104. 104. Or more accurately an ensemble of ensemble methods Algorithm ProgressionTrain Data Probabilities Random Forest Extremely Random Forest Gradient Tree Boosting 0.1 0.5 0.01 0.8 0.7 . . . 0.15 0.6 0.0 0.75 0.68 . . .
105. 105. Combine all of the model information Train Data Probabilities 0.1 0.5 0.01 0.8 0.7 . . . 0.15 0.6 0.0 0.75 0.68 . . .
106. 106. Combine all of the model information Train Data Probabilities 0.1 0.5 0.01 0.8 0.7 . . . 0.15 0.6 0.0 0.75 0.68 . . . Optimize the set of train probabilities to the known delinquencies
107. 107. Combine all of the model information Train Data Probabilities 0.1 0.5 0.01 0.8 0.7 . . . 0.15 0.6 0.0 0.75 0.68 . . . Optimize the set of train probabilities to the known delinquencies Apply the same weighting scheme to the set of test data probabilities
108. 108. Implementation can be done in a number of ways Testing in Python or R is slower, due to the sequential nature of applying the algorithms Could be faster parallelized, running each algorithm separately and combining the results
109. 109. Assessing model performance Blending Performance, 100 trees: 0.864394 KGI
110. 110. Assessing model performance Blending Performance, 100 trees: 0.864394 KGI 0.4 0.5 0.6 0.7 0.8 0.9 Random Accuracy Classification Random Forests Boosting Trees Blended
111. 111. Assessing model performance Blending Performance, 100 trees: 0.864394 KGI But this performance and the possibility of additional gains comes at a distinct time cost. 0.4 0.5 0.6 0.7 0.8 0.9 Random Accuracy Classification Random Forests Boosting Trees Blended
112. 112. Examining the continuum of choices Simpler, Quicker Complex, Slower Random Chance 0.50 Simple Classiﬁcation 0.50-0.61 Random Forests 0.78-0.85 Gradient Tree Boosting 0.71-0.8659 Blended Method 0.864
113. 113. What would be best to implement?
114. 114. What would be best to implement? There is a large amount of optimization in the blended method that could be done
115. 115. What would be best to implement? There is a large amount of optimization in the blended method that could be done However, this algorithm takes the longest to run. This constraint will apply in testing and validation also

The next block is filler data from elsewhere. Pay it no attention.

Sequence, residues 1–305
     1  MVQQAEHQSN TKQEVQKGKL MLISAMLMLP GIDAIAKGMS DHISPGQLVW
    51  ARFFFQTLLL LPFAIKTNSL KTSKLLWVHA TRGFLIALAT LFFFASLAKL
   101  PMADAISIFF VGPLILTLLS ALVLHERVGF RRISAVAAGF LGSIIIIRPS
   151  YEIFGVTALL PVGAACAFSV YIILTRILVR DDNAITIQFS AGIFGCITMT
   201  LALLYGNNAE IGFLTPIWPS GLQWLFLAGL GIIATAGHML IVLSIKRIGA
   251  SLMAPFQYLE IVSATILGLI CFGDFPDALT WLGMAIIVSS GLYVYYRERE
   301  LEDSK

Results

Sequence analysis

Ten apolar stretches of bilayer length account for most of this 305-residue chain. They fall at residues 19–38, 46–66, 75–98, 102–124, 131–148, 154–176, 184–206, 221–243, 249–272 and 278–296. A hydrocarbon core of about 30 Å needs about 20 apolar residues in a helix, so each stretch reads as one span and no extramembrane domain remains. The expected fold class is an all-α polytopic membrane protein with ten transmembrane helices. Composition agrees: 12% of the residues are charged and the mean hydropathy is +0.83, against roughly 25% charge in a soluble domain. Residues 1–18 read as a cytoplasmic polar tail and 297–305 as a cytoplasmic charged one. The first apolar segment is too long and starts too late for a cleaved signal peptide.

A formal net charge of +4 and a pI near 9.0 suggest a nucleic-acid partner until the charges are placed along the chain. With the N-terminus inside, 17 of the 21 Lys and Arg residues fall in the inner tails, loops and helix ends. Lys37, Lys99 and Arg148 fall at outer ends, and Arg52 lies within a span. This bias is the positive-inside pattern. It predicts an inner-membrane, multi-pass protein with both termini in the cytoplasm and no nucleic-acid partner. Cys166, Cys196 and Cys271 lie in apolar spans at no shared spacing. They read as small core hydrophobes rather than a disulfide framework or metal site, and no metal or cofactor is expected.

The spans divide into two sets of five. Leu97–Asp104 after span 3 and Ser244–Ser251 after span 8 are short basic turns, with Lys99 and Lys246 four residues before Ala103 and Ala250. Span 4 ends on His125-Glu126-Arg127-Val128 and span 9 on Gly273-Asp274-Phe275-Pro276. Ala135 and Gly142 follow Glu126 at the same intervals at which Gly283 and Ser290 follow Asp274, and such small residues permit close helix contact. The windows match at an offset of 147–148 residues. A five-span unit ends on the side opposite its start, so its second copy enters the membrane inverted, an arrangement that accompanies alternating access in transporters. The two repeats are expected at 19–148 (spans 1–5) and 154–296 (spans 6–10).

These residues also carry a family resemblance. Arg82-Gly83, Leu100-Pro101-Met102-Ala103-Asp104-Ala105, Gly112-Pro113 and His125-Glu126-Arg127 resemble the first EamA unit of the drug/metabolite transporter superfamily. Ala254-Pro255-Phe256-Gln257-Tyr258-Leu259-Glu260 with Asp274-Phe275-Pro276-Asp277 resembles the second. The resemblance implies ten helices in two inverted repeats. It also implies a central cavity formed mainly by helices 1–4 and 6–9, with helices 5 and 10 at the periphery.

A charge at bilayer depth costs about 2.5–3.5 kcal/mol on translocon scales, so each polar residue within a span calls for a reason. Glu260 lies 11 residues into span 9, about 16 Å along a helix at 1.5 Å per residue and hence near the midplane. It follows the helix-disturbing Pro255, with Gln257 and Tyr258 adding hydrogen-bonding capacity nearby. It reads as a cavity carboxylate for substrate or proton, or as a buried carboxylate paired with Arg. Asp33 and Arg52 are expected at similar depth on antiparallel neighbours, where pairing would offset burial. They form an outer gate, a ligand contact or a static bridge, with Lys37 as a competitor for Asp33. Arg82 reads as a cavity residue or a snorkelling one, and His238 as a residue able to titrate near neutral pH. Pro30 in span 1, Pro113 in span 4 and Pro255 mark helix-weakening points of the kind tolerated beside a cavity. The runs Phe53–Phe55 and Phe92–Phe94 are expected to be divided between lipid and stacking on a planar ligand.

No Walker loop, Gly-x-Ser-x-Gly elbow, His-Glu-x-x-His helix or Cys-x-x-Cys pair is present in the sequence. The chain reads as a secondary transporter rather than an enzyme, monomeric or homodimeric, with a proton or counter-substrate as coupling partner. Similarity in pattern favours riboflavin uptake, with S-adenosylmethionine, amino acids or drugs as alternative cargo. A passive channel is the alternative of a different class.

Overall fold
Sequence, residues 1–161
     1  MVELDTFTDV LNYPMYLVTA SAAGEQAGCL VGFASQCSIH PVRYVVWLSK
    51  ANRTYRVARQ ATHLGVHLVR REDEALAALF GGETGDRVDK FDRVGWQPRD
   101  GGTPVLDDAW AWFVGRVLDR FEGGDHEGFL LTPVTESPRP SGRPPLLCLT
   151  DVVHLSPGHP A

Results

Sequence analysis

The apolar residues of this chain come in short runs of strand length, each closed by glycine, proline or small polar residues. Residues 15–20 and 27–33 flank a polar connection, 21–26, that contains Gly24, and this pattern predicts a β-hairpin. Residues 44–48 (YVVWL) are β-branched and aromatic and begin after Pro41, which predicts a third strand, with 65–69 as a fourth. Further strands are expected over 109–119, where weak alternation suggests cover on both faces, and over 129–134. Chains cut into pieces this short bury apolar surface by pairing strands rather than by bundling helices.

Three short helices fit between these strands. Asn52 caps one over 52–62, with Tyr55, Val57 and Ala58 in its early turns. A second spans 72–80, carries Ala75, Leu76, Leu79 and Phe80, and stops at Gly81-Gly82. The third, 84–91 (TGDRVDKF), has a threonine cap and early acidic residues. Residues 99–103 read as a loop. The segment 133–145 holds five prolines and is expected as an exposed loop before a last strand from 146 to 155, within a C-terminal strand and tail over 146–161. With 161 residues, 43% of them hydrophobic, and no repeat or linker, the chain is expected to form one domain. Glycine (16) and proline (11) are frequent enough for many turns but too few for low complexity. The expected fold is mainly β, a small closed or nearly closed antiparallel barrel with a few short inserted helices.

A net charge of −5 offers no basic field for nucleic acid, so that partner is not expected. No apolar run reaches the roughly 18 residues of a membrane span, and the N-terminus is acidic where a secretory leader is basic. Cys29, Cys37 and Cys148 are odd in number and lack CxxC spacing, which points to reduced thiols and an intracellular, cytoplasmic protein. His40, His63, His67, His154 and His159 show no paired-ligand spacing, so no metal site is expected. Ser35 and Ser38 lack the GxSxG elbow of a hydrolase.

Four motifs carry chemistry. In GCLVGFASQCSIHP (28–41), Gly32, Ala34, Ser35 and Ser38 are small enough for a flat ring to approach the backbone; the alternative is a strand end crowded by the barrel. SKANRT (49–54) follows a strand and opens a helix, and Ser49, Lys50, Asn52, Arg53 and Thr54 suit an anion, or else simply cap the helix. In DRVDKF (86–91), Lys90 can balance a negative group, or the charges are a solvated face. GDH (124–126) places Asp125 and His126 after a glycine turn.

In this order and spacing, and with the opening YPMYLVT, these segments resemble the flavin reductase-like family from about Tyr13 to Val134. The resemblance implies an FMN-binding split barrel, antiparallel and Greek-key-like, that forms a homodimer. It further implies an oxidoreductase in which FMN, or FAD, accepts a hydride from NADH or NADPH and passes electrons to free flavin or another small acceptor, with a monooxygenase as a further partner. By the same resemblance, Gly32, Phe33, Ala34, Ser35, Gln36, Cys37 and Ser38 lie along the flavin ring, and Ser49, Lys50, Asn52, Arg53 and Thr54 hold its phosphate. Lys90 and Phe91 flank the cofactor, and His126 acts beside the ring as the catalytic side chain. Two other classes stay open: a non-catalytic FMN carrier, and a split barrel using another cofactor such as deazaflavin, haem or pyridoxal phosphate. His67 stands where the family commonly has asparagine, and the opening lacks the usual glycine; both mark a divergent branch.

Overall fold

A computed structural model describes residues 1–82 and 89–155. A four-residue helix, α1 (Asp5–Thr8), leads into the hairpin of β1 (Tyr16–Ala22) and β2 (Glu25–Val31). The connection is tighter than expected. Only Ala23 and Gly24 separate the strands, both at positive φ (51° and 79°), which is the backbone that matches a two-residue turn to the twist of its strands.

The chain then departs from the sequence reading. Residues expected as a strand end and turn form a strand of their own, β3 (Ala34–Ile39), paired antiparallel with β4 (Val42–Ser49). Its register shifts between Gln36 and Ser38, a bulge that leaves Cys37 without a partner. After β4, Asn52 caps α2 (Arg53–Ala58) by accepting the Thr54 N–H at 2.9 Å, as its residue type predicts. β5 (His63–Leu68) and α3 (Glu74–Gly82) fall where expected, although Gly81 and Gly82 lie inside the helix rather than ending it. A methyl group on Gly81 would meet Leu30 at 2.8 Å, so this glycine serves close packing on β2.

116. 116. What would be best to implement? There is a large amount of optimization in the blended method that could be done However, this algorithm takes the longest to run. This constraint will apply in testing and validation also Random Forests returns a reasonably good result. It is quick and easily parallelized
117. 117. What would be best to implement? There is a large amount of optimization in the blended method that could be done However, this algorithm takes the longest to run. This constraint will apply in testing and validation also Random Forests returns a reasonably good result. It is quick and easily parallelized Gradient Tree Boosting returns the best result and runs reasonably fast. It is not as easily parallelized though
118. 118. What would be best to implement? Random Forests returns a reasonably good result. It is quick and easily parallelized Gradient Tree Boosting returns the best result and runs reasonably fast. It is not as easily parallelized though
119. 119. Increases in predictive performance have real business value Using any of the more complex algorithms we achieve an increase of 35% in comparison to random
120. 120. Increases in predictive performance have real business value Using any of the more complex algorithms we achieve an increase of 35% in comparison to random Potential decrease of ~\$420k in losses by identifying customers likely to default in the training set alone
121. 121. Thank you for your time